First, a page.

The hard part is in translating those ideas to a different culture. What you discover is not that you don’t possess the latent knowledge of the culture (or the politics) you wish to influence. But that you must possess a valuable and repeatable scaffolding to understand it.
It starts with Socrates and the Socratic method. Teach and learn the questions. Never jump directly to the answer. The Greek philosopher believed you achieved true understanding by building on questions that drive deeper into the subject. It is basically a form of anthropology.
For example, start with the system that looks at your own experience, but drill down past your own reasoning to ask yourself what led to that feeling or idea. (Why would Saudi Arabians buy laundry detergent? For cleanliness? Softness? Smell? What are the emotional reasons why they would be important?)
Armed with an important list of questions, take to the field and ask the prospect. This means doing qualitative research to find what issues are at stake, what triggers are in play and what are the belief systems in that culture that drive decisions.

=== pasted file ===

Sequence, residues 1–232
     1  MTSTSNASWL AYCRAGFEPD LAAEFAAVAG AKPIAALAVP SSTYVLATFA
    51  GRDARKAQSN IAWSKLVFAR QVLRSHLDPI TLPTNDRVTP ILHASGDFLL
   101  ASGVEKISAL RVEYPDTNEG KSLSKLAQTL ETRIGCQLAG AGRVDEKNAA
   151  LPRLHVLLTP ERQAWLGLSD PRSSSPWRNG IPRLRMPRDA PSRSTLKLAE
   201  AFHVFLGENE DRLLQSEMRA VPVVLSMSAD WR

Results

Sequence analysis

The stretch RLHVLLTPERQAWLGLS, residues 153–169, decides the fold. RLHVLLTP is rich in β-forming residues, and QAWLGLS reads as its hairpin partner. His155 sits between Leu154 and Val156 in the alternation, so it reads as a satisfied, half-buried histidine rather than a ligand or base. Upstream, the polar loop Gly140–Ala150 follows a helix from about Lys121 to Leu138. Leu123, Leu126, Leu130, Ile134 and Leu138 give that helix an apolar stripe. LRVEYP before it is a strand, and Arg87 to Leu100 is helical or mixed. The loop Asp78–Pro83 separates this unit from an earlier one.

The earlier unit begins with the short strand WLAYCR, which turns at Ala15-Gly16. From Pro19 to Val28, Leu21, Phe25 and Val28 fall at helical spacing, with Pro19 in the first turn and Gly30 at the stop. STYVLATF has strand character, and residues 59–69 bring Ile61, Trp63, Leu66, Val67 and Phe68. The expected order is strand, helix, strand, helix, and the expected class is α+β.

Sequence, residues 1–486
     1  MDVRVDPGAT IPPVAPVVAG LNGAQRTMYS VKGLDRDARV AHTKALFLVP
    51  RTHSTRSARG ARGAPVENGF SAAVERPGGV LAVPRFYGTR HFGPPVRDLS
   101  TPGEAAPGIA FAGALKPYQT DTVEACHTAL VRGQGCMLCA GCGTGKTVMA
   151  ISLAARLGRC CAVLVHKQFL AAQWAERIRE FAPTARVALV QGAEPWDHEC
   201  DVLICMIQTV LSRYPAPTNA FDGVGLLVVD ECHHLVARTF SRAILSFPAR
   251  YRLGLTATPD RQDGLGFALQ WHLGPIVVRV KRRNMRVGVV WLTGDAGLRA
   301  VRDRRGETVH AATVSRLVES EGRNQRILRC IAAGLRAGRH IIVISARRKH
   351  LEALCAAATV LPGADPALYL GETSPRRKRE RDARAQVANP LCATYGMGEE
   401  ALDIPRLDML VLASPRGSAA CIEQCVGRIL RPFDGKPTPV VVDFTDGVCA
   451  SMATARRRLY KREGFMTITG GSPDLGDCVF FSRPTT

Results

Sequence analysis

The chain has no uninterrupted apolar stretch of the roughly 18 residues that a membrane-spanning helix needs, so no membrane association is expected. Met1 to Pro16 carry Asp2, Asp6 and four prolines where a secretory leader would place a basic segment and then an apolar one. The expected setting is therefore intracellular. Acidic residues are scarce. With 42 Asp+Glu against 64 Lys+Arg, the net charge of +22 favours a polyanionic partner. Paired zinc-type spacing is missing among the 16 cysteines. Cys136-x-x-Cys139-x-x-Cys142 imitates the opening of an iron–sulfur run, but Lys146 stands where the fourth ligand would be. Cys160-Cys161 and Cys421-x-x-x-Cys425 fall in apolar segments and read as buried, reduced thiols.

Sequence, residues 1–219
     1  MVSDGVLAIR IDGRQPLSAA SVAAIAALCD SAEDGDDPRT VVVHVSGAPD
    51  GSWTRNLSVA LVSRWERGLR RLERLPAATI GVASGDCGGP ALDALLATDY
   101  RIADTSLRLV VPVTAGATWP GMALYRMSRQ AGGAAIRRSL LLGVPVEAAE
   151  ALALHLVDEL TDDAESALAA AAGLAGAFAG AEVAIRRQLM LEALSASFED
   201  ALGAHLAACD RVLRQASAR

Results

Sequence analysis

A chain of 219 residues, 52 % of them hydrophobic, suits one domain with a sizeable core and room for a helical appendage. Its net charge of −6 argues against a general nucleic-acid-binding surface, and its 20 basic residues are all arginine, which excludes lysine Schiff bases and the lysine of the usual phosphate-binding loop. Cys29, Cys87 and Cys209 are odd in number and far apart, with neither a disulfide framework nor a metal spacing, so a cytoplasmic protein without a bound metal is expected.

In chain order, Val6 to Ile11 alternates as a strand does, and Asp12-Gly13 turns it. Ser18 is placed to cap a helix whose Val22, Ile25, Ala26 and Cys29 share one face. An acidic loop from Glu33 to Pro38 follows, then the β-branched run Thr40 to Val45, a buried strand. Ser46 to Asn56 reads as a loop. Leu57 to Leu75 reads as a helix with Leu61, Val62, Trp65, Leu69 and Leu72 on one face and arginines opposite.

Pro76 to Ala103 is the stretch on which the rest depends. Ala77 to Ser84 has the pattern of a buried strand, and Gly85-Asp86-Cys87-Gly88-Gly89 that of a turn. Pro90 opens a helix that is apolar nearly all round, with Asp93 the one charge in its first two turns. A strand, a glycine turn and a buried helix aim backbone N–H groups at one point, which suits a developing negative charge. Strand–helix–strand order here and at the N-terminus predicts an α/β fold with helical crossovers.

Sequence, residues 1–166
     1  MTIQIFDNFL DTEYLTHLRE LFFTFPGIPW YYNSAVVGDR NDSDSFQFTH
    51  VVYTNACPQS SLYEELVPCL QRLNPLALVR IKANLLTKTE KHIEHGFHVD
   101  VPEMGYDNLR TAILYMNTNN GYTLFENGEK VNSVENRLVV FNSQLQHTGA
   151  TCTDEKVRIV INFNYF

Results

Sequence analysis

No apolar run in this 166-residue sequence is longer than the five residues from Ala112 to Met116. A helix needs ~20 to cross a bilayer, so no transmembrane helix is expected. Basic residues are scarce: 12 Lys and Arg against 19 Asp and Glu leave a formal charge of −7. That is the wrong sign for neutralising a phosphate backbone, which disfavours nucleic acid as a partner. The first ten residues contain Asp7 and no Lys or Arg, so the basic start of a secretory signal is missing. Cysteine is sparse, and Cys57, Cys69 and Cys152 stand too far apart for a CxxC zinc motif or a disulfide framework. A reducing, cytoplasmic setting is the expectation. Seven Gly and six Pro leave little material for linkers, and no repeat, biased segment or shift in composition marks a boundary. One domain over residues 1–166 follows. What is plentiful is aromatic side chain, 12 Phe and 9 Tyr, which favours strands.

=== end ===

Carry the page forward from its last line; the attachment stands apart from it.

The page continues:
A word here about belief systems, which must be tested in the research. An understanding of them in the market you are trying to persuade is extremely powerful. If you understand them, then you can not only predict behavior, but also change it.
Let’s use a simple example. If you are a coffee producer, you want consumers to drink your coffee. Why would they drink your coffee? Maybe one of the reasons would be that Saudis see drinking coffee as a social affair. It is at this point where traditional marketing ends. Saying something like, “Enjoy drinking coffee with your friends.”
But if you understand what prompts that desire to be social then you have the makings of a powerful marketing message. Align your brand and marketing message with that. That’s how those messages become emotional.
Nowhere is aligning with belief systems, or precepts, more important than when marketing in a foreign land. If you don’t, you might actually offend the target audience or completely miss the mark.